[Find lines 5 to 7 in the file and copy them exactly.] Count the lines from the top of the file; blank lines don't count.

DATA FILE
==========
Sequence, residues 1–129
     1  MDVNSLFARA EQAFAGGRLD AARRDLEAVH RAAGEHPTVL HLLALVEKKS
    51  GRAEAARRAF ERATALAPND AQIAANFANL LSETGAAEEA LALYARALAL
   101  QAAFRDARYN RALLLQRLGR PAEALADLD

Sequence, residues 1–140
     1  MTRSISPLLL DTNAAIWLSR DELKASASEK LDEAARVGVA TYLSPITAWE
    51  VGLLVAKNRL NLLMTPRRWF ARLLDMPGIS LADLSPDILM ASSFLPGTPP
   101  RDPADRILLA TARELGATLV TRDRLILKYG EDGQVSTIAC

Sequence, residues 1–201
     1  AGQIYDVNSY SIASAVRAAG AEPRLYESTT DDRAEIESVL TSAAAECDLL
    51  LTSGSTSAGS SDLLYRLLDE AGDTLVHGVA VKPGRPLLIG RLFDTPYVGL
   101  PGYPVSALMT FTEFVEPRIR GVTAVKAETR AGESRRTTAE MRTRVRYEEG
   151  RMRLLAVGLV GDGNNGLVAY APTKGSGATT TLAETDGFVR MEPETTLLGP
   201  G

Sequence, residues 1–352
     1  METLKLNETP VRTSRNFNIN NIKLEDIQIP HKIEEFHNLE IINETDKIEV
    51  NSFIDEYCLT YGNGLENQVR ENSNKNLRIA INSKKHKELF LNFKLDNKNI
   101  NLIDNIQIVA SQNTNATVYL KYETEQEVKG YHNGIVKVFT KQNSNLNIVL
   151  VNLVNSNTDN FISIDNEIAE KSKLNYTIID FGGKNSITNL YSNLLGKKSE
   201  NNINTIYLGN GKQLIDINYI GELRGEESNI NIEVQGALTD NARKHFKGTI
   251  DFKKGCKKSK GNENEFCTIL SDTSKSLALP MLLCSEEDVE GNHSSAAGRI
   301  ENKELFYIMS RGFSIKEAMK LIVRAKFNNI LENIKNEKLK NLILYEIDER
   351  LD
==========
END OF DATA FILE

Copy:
Sequence, residues 1–140
     1  MTRSISPLLL DTNAAIWLSR DELKASASEK LDEAARVGVA TYLSPITAWE
    51  VGLLVAKNRL NLLMTPRRWF ARLLDMPGIS LADLSPDILM ASSFLPGTPP